FIG. 6A illustrates a front exploded orthogonal view showing the receptacle 101, the end-cap 107, the handle 110, and the engaging tool 601. FIG. 6B illustrates a front orthogonal view showing the engaging tool 601 engaged to the handle 110 of the end-cap 107. FIG. 6C illustrates a front orthogonal view showing the engaging tool 601 engaged to the handle 110 of the end-cap 107, with the end-cap 107 swiveled to an open position. FIG. 7A exemplarily illustrates a user engaging a handle 110 of the end-cap 107 in a closed position using the engaging tool 601. FIG. 7B exemplarily illustrates a user engaging a handle 110 of the end cap 107 in an open position using the engaging tool 601. In an embodiment, the handle 110 is pre-extended in length and encased in or made of a heat resistant material. The extended handle 110 enables the user to safely open the end cap 107 and remove the pellet 202 depleted of the sublimation compound. Although the removal mechanism 110 or 601 has been described herein with reference to the handle 110 and the engaging tool 601, the removal mechanism 110 or 601 is not intended to be limited to the handle 110 and the engaging tool 601; but includes all functionally equivalent structures, for example, handgrips, knobs, pliers, extrinsic tools, etc.

To feed the pellets 202 into the receptacle 101 the following procedure is followed. The coaxial threaded extension 201 of the receptacle 101 is screwed to the internal thread 105d of the adapter 105. The handle 110 is connected to the end-cap 107, and the end-cover 107 is rotated to the open position 302. One or two sublimation pellets 202 are placed into the enclosure 101c. Holding the butane torch 102 with the receptacle 101 facing upward, the end-cap 107 is rotated to the closed position with the handle 110. The locking elements 117a and 203 will securely hold the end-cap 107 in the closed position. The pellets 202 will remain in the enclosure 103 and may move internally within the enclosure 103c without being expelled from the enclosure 103c as long as the end-cap 107 is in the closed position. The butane torch 102 is now ignited and the receptacle 101 pointed towards the evidence to be investigated. In about two minutes, the heat generated from the butane torch 102 as it passes through the adapter 105, will cause the pellets 202 to begin generating a fume of the sublimation compound. The sublimation fumes are exhausted through the meshing window 108 in the end-cap 107 and directed towards the evidence scene by holding the apparatus in an appropriate position. If a latent print is detected, the sublimation fumes will react with the latent print to develop a permanent image of the latent print within seconds. The sublimation fumes will cease to be generated within about two to four minutes after the fumes begin to be are generated with one sublimation pellet. The butane torch 102 is now turned off.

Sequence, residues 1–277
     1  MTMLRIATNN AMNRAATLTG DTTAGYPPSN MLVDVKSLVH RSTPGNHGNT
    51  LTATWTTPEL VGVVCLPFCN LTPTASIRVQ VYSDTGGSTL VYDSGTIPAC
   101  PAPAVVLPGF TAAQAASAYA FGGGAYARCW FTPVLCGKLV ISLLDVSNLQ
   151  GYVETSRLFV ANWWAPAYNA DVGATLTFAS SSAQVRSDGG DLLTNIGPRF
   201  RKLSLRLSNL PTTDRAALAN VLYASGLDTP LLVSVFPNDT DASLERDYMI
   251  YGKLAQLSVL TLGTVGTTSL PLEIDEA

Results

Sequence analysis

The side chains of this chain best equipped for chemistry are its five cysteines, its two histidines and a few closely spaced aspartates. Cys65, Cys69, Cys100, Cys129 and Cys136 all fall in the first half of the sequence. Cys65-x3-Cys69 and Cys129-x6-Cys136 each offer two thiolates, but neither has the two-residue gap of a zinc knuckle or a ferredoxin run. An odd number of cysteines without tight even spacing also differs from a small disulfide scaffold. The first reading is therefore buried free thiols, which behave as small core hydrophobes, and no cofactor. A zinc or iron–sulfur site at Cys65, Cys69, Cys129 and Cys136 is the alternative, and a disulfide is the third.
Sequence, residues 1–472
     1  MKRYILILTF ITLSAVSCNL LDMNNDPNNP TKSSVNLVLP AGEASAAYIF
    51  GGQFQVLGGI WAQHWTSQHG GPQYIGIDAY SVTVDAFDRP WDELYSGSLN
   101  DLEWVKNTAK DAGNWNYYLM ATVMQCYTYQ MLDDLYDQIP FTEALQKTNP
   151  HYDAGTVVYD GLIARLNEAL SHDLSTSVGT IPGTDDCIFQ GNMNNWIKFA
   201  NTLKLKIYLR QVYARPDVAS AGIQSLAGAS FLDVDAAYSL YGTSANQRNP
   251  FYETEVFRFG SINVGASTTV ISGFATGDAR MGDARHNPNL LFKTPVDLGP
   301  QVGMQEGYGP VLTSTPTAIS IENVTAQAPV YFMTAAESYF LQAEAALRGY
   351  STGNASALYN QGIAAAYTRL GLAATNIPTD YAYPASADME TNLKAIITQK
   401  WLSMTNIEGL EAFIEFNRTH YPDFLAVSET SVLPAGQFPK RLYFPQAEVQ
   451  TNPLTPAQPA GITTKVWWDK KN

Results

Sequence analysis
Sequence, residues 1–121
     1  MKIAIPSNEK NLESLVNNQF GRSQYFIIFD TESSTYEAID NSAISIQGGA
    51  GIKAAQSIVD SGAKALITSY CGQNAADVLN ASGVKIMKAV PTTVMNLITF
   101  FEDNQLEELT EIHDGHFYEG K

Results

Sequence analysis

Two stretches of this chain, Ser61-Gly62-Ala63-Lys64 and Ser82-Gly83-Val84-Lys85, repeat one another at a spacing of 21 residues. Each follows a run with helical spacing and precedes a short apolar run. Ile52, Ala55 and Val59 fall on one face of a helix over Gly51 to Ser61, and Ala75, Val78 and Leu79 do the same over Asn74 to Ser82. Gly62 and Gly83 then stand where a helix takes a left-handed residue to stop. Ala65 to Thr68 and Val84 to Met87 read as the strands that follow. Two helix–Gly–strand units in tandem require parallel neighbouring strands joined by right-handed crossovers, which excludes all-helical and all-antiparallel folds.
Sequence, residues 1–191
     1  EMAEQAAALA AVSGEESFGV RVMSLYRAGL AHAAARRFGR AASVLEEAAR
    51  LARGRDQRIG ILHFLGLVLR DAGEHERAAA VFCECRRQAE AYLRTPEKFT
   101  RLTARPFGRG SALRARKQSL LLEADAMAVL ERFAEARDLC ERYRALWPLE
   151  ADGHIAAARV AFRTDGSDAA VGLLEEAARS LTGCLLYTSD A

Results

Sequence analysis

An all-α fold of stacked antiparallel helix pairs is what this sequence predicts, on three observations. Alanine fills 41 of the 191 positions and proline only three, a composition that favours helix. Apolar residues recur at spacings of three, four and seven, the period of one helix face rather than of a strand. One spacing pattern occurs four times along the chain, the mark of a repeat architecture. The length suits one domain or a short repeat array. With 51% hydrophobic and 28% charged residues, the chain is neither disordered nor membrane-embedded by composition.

To remove the depleted pellets 202, the engaging tool 601 is inserted over the handle 110 attached to the end cap 107. The end cap 107 is then swiveled about the pivoting point 116 to open the receptacle 101. The butane torch 202 is inverted with the receptacle 101 facing downward. The depleted pellets 202 can now be discarded into a non-combustible container. If the depleted pellets 202 tend to stick inside the receptacle 101, a pointed object can be used to dislodge the depleted pellets 202 from the receptacle 101. One or two pellets 202 can now be introduced into the receptacle 101 and the end cap 107 can be closed using the engaging tool 601 and the fuming process can continue.

FIG. 8 illustrates a method of developing a latent print. An apparatus 100 for developing a latent print, as illustrated and described in the detailed description of FIGS. 1-5, is provided 801. The receptacle 101 is attached 802 to the heat source 102 through the second end 101b of the receptacle 101. The receptacle 101 is attached to the heat source 102 by engaging a coaxial threaded extension 201 of the receptacle 101 to an internally threaded extension 105d of the adapter 105 in communication with the heat source 102. The receptacle 101 receives a pellet 202. The pellet 202 is introduced 803 into the receptacle 101 through the first end 101a of the receptacle 101. The first end 101a of the receptacle 101 is closed 804 with the end-cap 107. The heat source 102 supplies 805 heat to the receptacle 101 and the pellet 202 releases fumes through the open end 107a of the end-cap 107 towards the latent print via the mesh window 108 for development of the latent print. Heat applied from the heat source 102 passes through the heat diffuser 301 to the receptacle 101 via the adapter 105. The pellet 202 releases fumes on application of heat from the heat source 102. The fumes released through the mesh window 108 of the receptacle 101 enable the development of the latent print.